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Chinese loan to push cassava

7 cassava farmers chivoan

China gave $400,000 to Cambodia yesterday for a cooperation project to provide technical training in cassava cultivation, with the aim to move Cambodian cassava up market.  

The financing was signed yesterday through the trilateral co-operation between China, Cambodia and the United Nations Development Program (UNDP).

Speaking at the launch ceremony, Lu Zhouxiang, first secretary at the department of international trade and economic affairs at China’s Ministry of Commerce said that by seeing requests for assistance from the Cambodian side, China and the UNDP decided to further co-operate to provide technical assistant on cassava plantation in the Kingdom.

“[The teamwork] aims to move Cambodian producers, processors and exporters of cassava up the value chain,” Lu said, adding that the project will contribute to Cambodia’s efforts in capacity building and diversifying export items.

This financial support is the second phase since the start of trilateral co-operation, which will last until September 2014. In the first phase, China funded $212,000 to support 30 Cambodian officers to train in cassava cultivation techniques, which was completed early last year.

Cassava is Cambodia’s second most important crop in terms of cultivation area, and plays a very important role in Cambodia’s agriculture and development.

Last year the country’s cassava cultivation area reached totally 337,000 hectares, producing about eight million tonnes of fresh cassava and generated between $200 million to $300 million, including formal and informal export, according to figures from the Ministry of Agriculture Forestry and Fisheries (MAFF).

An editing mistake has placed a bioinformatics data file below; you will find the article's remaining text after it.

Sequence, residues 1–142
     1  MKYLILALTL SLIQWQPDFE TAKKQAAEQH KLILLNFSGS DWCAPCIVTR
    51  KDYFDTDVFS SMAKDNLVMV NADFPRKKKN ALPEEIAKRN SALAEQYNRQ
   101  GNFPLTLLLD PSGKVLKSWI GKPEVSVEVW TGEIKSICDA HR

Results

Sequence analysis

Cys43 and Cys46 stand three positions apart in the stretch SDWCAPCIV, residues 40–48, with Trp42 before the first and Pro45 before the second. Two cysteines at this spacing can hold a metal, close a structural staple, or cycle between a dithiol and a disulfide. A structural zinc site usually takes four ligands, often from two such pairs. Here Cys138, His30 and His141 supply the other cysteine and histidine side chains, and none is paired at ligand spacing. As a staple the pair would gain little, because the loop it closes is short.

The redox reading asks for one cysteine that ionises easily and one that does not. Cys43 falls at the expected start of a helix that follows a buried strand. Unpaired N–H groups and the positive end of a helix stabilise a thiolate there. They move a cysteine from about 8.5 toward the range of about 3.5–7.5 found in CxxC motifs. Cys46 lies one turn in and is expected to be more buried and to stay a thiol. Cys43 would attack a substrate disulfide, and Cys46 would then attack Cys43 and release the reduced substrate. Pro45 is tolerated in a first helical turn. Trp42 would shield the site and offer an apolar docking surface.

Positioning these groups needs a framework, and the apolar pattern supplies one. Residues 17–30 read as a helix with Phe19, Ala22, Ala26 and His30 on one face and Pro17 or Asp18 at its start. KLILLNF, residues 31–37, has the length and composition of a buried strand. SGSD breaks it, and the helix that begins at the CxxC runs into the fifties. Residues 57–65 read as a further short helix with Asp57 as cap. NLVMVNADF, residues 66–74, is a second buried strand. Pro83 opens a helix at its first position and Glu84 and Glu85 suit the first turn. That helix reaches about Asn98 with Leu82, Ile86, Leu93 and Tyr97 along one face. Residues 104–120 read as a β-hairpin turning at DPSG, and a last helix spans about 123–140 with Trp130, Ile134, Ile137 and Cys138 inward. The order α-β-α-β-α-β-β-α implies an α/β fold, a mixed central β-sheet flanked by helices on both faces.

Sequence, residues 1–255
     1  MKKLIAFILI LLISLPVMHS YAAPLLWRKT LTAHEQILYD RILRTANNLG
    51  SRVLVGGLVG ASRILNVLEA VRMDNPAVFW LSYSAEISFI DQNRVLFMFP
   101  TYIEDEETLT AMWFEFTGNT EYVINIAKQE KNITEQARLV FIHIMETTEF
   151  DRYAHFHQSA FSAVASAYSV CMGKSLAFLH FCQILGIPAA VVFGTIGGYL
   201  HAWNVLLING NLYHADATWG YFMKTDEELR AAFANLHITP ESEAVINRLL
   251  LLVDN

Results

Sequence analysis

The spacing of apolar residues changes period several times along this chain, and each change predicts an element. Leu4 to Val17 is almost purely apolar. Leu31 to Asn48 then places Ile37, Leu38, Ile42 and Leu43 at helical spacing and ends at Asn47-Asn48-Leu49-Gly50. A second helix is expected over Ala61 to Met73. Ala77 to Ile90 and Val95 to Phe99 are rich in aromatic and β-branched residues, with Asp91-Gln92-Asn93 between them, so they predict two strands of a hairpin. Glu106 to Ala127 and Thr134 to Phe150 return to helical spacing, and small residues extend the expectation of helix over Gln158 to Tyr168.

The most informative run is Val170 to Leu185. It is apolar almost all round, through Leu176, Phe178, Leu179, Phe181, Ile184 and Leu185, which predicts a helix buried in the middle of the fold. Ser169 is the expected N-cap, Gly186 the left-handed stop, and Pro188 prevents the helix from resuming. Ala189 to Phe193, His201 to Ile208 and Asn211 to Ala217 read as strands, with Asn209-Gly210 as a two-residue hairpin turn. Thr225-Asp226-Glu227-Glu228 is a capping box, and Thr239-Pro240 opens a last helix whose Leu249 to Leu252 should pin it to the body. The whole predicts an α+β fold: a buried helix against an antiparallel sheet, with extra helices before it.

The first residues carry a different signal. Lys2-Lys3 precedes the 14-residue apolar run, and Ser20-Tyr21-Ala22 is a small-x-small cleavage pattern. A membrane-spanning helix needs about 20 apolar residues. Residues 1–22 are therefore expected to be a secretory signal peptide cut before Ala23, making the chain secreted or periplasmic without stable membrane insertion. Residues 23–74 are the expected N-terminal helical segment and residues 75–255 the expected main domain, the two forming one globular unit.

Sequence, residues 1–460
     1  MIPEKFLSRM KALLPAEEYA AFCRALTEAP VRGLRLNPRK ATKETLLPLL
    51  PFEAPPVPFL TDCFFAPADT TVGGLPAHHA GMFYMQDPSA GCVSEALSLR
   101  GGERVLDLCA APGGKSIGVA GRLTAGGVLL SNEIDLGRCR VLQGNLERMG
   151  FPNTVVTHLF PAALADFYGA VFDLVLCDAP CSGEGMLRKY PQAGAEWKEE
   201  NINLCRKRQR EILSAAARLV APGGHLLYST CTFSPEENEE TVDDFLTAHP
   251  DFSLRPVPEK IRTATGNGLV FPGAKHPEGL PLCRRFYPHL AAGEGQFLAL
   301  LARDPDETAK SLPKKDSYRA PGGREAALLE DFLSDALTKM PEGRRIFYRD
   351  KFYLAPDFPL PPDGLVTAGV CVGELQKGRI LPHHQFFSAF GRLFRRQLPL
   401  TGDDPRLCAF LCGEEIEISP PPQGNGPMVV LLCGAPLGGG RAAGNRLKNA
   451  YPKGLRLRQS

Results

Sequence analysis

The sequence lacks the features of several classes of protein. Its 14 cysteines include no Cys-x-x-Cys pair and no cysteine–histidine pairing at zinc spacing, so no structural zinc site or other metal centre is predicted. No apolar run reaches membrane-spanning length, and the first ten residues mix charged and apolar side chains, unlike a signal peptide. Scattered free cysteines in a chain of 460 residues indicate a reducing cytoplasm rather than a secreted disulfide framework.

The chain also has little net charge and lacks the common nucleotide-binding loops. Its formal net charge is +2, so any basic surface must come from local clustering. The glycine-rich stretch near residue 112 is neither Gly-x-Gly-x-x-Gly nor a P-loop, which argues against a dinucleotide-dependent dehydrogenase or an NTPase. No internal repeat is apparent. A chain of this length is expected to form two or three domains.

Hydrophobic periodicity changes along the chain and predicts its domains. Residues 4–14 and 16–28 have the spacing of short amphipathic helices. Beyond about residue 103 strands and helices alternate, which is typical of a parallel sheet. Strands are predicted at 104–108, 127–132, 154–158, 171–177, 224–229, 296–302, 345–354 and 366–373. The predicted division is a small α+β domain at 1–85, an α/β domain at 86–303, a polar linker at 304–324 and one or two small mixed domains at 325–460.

Ninety per cent, however, is shipped to Vietnam and Thailand, where it is processed and then exported to China.

Norng Ratana, a program analyst at UNDP, said that Cambodian cassava processors and collectors are encountering difficulties in exporting cassava chips to China because of the inability to meet sanitary standards, as well as insufficient quality, and unable to meet other market requirements.

“[The technical assistant] will seek to help producers and exporters to better assess and understand Chinese market requirements,” said Ratana. “It will contribute to make direct export of cassava possible from Cambodia to China.”

Setsuko Yamazaki, country director of UNDP to Cambodia, said that Cambodia is now the seventh-largest producer of cassava in Asia, and projected that country would become the fifth largest producer following Thailand, Indonesia, India and China, by 2018.

“It is expected that by 2018, Cambodian cassava will export directly to such countries as China and South Korea, and will lessen its dependency on the export of unprocessed tubers to Thailand and Vietnam,” she said.

According to statistics from the Ministry of Commerce, Cambodia’s exports of cassava reached 245,000 tonnes in the first quarter of this year, a 47 per cent decline quarter-on-quarter from 465,000 tonnes last year,



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